Yesterday I spent a good chunk of my day in our garden putting my green thumb to work. I've never been much of an outdoorsy girl or been able to keep plants alive, but for some reason I felt the need to give it a try. Surprisingly, my little outdoor adventure turned into a bit of a triggering situation as planting a bunch of vegetables brought back memories of my old, disordered diet.
To say my diet had become unreasonably rigid before I entered treatment would be an understatement. As I ironically began culinary school, one of the many ways I began to cut out food groups was to become a vegetarian. After learning about the appalling farming monopolies our country is currently practicing - thank you, Monsanto - I also began a local-foods-only diet. The local food movement is trendy in the culinary world right now after all, so it only made sense for me to jump on the bandwagon. Now add in my excuses to avoid anything containing high fructose corn syrup, food dyes, or any other ingredient I didn't recognize, and you can begin to understand the strict guidelines of my diet.
In my mind, surrounding myself with culinary geniuses gave me the perfect excuse to become a "food snob," even though it was literally killing me.
The treatment center I spent six months in, however, was on the complete opposite end of the food spectrum. Because they believed in the calorie counting meal planning strategy, every food I ate during my stay was packaged (as a way to easily count calories). Fresh fruits and veggies were off limits because they did not have an exact calorie count. Every time I go back to my treatment center to guest speak, we always have a good laugh as we think back to my first day and the impressive temper tantrum I threw after learning what I would be expected to eat. There was no way in hell those people were going to force me to consume those packaged products. I didn't even consider that to be "real food" at the time.
Occasionally I would have the option to plan frozen vegetables and dried fruits into my meal plan as long as they were perfectly measured. At one point, we all joked that planning anything healthy into our daily regimen was pointless because those low calorie foods took up too much room in our already bulging stomachs. After a few months, not only did I finally give into eating poptarts and little debbies on a daily basis, but I actually began to (I can't believe I'm saying this...) enjoy it.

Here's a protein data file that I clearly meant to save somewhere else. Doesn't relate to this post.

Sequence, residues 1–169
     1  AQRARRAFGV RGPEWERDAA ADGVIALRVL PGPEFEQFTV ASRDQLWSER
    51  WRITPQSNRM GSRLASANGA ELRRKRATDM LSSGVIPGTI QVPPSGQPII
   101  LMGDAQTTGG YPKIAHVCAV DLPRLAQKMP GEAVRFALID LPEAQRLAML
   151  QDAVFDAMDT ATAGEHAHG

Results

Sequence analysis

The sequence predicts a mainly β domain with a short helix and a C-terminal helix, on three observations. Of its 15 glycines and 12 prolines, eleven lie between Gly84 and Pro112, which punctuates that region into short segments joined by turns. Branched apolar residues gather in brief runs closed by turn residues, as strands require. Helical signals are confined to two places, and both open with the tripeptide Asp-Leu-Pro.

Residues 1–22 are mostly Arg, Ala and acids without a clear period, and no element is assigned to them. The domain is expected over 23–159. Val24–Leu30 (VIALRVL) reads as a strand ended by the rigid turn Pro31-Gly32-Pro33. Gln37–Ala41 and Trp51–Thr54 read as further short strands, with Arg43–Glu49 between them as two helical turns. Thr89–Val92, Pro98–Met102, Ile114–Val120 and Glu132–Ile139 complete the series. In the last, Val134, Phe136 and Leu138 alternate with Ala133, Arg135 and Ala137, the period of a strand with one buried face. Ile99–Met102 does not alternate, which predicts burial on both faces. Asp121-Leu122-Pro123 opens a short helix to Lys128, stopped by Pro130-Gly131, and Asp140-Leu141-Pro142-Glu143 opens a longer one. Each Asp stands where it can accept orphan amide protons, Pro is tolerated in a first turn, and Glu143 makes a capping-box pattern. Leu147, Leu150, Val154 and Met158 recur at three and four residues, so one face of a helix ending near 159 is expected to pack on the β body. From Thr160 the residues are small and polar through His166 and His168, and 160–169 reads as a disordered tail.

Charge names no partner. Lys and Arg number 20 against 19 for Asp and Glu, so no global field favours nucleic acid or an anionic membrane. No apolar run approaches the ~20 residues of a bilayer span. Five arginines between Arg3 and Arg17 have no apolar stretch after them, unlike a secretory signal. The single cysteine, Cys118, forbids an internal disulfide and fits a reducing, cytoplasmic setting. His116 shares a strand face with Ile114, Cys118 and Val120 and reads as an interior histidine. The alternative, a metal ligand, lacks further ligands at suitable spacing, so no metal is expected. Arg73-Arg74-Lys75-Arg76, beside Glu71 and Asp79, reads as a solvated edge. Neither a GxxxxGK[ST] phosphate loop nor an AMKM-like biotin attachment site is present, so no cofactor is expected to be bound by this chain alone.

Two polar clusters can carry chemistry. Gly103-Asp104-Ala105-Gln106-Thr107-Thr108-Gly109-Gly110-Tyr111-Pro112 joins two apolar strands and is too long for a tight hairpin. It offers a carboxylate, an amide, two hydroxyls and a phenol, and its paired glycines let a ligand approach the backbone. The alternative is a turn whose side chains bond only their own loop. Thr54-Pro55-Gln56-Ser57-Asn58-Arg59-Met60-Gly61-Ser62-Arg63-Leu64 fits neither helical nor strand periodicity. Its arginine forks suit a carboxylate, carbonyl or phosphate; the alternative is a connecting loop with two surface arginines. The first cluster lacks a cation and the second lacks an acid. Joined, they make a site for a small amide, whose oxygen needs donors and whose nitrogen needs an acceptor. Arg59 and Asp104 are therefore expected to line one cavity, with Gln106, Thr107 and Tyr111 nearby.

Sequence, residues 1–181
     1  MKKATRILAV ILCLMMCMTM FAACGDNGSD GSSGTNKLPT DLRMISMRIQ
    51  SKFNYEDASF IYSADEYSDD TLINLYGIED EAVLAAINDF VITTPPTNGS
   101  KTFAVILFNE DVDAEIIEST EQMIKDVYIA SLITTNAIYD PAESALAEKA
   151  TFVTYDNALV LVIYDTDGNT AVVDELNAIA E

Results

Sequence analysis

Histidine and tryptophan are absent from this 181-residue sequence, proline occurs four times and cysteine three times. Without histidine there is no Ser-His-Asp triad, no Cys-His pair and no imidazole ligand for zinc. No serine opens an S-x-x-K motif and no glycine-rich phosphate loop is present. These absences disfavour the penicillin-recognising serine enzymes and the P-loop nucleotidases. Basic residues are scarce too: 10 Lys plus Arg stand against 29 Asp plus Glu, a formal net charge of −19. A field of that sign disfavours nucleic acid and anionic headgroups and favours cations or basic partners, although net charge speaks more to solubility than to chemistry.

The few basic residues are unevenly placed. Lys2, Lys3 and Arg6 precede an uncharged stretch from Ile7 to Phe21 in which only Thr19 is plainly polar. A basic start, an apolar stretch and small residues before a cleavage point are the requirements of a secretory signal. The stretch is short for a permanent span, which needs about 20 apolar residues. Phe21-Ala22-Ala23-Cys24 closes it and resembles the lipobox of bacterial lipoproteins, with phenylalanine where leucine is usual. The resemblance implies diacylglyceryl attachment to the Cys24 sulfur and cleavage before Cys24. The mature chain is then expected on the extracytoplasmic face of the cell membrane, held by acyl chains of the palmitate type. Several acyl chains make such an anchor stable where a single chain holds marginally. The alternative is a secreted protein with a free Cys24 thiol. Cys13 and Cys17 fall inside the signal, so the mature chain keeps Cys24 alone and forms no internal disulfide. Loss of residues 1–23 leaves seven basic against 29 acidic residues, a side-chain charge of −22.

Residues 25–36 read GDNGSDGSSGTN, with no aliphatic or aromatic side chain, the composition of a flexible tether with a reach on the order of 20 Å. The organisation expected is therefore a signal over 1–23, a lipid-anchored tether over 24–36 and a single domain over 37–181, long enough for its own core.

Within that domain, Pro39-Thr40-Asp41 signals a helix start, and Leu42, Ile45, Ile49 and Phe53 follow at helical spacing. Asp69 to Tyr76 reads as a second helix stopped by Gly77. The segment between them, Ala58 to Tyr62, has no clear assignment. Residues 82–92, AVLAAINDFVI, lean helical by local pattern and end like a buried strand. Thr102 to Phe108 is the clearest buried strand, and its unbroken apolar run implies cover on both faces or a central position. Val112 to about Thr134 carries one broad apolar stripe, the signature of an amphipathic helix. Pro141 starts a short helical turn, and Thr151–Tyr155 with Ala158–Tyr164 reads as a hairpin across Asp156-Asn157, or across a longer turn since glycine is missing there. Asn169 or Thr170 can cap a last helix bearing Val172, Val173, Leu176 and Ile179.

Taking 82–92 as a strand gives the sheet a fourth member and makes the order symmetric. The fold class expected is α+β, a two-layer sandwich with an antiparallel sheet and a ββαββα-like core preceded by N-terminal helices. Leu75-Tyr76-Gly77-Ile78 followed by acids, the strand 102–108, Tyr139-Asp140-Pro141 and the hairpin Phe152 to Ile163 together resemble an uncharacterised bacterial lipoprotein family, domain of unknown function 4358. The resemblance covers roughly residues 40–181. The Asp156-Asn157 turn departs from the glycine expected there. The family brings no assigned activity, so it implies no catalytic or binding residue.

(Let me just say that eating this way is definitely NOT recommended for healthy individuals. For eating disorder patients, however, it does not matter where the calories are coming from as long as the number being consumed is enough. Also, by constantly facing my fear foods, I was able to learn that I can eat "unhealthy" foods (in moderation) without gaining weight.)
Although I have been home for quite a few months now, I still struggle with estimating calories sometimes. Fruits and vegetables have made their way back into my diet, but I still get a little weird about having to ballpark those calories. The calorie counting meal panning strategy definitely works during the refeeding process, but its inflexibility makes it difficult to move away from after leaving treatment.
Like many things in life, I am currently searching for a place of balance with my food choices. Spending time in the garden yesterday did make me crave those super clean meals and even made me feel a little guilty for my recent "unhealthy" food choices. Those "I just want to eat like a normal person" thoughts were relentless as I angrily dug a hole for each plant. Maybe being alone in a garden with my thoughts wasn't the best idea I have ever had.
The optimist in me, on the other hand, is searching for the benefits of my current meal planning state. Most importantly, I have maintained my current weight since the day I left treatment, so that proves to me that meal planning actually does work. Also, I finally believe there is no such thing as a good food or a bad food. As long as I stay within my calorie limits I can eat whatever I want.
Sometimes I forget that my dietary needs are different than the "normal" person at this stage in my recovery. Every time I turn on the TV or listen to the radio I am bombarded with weight loss ads. Living in a society that places such a huge emphasis on being fit is aggravating. Eating disorder or not, the simple task of fueling our body has turned into something much more complex.
Yes, gardening was a little triggering yesterday, but it might actually be exactly what I need to break my strict meal plan. Growing a few of my own plants will allow me to enjoy a bit of moderation in my diet. I never thought I'd be trying to ADD fruits and veggies to my diet, but here we are.
My eating habits might never be completely normal, but who can honestly say they have a perfect relationship with food? Does normal eating even exist anymore? Maybe I'm not so weird after all.